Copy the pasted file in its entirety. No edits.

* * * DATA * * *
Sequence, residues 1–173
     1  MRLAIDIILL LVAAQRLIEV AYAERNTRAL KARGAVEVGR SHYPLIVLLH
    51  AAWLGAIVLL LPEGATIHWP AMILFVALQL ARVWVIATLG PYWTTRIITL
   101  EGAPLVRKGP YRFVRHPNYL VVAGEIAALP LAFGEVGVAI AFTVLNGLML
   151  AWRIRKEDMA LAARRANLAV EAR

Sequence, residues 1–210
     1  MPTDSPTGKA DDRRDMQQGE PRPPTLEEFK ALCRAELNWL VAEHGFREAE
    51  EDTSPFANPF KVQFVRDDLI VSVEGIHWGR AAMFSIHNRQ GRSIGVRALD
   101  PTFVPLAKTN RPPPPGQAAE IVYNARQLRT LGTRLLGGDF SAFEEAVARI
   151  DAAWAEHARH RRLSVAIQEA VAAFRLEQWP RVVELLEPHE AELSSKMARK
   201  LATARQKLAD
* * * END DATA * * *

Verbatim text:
Sequence, residues 1–173
     1  MRLAIDIILL LVAAQRLIEV AYAERNTRAL KARGAVEVGR SHYPLIVLLH
    51  AAWLGAIVLL LPEGATIHWP AMILFVALQL ARVWVIATLG PYWTTRIITL
   101  EGAPLVRKGP YRFVRHPNYL VVAGEIAALP LAFGEVGVAI AFTVLNGLML
   151  AWRIRKEDMA LAARRANLAV EAR

Sequence, residues 1–210
     1  MPTDSPTGKA DDRRDMQQGE PRPPTLEEFK ALCRAELNWL VAEHGFREAE
    51  EDTSPFANPF KVQFVRDDLI VSVEGIHWGR AAMFSIHNRQ GRSIGVRALD
   101  PTFVPLAKTN RPPPPGQAAE IVYNARQLRT LGTRLLGGDF SAFEEAVARI
   151  DAAWAEHARH RRLSVAIQEA VAAFRLEQWP RVVELLEPHE AELSSKMARK
   201  LATARQKLAD